Sightline Daily spells out how a recent Seattle Times editorial sows confusion about Initiative 1098:
Here’s what the paper says:
The new tax created by I-1098 would top out at 9 percent of adjusted gross income, with no deductions. That’s not quite the highest rate in the country: Oregon’s, at 11 percent, is at the top. But Oregon has zero sales tax. We would have high rates of sales and income taxes…
This is plain wrong. We would not have a high rate of income tax under 1098. … The comparison in the editorial amounts to deception because it completely ignores that income tax rates are marginal tax rates — they apply only to income earned above a threshold. (See all state income tax rates here.)
Let’s do the math. If 1098 passes, a Washington couple earning $400,001 per year would pay… wait for it… a whopping 5 cents in income tax.
A whole nickel! Run for the borders!
In other words, for a couple pulling down $400,001 a year, 1098 would institute an effective income tax rate of 0.00001 percent. I don’t think it really compares to, say, Oregon’s tax structure in which the same income would result in $38,272 in taxes, an effective tax rate of 9.6 percent.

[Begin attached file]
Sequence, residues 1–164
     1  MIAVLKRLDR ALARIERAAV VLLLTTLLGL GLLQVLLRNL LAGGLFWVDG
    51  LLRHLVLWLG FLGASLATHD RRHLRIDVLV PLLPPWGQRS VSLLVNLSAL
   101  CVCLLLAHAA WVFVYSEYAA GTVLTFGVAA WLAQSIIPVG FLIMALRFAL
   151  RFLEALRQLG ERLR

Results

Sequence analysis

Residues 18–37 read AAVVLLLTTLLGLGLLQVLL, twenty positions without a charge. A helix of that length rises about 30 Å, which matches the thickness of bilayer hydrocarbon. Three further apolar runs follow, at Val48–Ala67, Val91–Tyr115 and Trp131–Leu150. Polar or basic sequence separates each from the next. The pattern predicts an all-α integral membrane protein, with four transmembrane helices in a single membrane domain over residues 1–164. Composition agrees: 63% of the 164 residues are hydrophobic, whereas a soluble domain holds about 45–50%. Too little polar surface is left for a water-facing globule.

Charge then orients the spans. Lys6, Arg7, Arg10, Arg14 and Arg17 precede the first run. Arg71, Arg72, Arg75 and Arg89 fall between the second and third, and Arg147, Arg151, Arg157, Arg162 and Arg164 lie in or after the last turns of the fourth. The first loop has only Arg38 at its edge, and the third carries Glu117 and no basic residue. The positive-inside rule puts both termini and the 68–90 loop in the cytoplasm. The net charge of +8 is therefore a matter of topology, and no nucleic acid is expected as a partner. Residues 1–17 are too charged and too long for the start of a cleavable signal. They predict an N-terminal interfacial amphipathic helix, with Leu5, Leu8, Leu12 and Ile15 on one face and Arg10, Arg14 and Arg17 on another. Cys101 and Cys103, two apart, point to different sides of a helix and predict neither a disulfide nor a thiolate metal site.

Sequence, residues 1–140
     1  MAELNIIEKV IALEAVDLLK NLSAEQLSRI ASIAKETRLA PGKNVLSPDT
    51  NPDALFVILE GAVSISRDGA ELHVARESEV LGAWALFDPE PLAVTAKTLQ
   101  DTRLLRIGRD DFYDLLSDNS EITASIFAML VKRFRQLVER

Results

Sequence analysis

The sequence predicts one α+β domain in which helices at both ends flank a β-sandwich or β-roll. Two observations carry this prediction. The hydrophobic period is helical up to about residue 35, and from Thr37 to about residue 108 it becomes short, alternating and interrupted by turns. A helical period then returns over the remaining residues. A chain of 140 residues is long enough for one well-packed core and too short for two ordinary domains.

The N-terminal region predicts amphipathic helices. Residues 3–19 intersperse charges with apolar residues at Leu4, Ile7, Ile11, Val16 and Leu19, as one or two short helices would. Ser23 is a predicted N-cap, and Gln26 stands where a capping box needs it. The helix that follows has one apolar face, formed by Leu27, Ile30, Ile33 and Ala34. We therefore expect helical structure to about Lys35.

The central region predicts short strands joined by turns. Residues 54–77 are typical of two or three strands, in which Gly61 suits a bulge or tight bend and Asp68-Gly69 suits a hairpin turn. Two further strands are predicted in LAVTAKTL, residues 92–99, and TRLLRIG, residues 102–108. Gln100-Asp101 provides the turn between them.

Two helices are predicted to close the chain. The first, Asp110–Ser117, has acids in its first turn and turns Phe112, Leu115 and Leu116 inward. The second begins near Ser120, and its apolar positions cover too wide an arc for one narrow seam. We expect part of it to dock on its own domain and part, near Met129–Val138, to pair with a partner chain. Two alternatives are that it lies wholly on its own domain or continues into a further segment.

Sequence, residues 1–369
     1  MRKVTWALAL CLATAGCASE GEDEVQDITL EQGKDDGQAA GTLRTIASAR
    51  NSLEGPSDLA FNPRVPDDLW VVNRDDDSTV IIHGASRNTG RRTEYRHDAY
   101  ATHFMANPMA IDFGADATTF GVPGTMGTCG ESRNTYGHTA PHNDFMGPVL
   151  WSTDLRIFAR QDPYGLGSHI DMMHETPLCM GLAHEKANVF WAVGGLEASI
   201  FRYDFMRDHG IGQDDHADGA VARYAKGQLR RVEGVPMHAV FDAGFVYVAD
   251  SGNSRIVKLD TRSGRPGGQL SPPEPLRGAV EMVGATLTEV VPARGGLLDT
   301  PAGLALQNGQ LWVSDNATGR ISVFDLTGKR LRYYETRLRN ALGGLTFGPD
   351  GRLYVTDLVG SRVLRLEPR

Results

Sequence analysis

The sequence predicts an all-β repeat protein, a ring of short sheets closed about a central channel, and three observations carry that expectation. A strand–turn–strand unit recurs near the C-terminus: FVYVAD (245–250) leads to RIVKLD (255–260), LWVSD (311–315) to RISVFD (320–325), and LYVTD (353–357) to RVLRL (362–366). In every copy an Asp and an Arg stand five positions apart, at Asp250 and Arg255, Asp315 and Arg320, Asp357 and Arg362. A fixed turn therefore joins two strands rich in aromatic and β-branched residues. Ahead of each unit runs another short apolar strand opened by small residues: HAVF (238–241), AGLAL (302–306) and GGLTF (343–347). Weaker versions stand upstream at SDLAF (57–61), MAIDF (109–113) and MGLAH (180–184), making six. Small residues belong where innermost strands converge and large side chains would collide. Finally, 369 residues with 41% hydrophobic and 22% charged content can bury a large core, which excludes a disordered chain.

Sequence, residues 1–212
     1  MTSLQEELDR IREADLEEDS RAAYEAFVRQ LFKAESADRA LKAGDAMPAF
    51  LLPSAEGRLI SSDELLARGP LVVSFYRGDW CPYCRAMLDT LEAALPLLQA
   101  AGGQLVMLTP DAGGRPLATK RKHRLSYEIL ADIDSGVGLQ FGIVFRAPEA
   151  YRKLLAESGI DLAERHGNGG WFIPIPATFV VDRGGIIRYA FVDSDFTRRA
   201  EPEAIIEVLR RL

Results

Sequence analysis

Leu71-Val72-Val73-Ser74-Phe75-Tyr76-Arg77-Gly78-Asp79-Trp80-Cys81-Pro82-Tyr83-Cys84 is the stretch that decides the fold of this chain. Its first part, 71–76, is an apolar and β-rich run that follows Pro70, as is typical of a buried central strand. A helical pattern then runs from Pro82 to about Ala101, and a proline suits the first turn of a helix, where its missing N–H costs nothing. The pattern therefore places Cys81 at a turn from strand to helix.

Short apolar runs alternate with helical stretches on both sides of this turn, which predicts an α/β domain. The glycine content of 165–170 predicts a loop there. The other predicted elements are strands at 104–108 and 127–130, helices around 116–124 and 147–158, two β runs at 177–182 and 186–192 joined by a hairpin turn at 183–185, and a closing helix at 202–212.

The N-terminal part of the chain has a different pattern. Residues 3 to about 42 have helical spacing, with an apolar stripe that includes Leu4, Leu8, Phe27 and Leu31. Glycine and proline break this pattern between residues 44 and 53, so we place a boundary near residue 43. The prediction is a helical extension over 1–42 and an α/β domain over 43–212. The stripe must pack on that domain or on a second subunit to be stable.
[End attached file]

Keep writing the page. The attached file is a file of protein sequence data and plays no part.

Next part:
The comparison in the editorial amounts to deception because it completely ignores that income tax rates are marginal tax rates — they apply only to income earned above a threshold. (See all state income tax rates here.)
How this works in practice makes a big difference.
The entire post is worth reading – and when you’re done, if you’d like to see just how low Washington’s effective income tax rates would be under I-1098 in comparison to other states, check out the graphs here:
Initiative 1098: If you were wealthy, how would Washington’s income tax compare to other states?
Initiative 1098 effective tax rates are lower than most
Looking for more information about Initiative 1098? Visit the Economic Opportunity Institute website.
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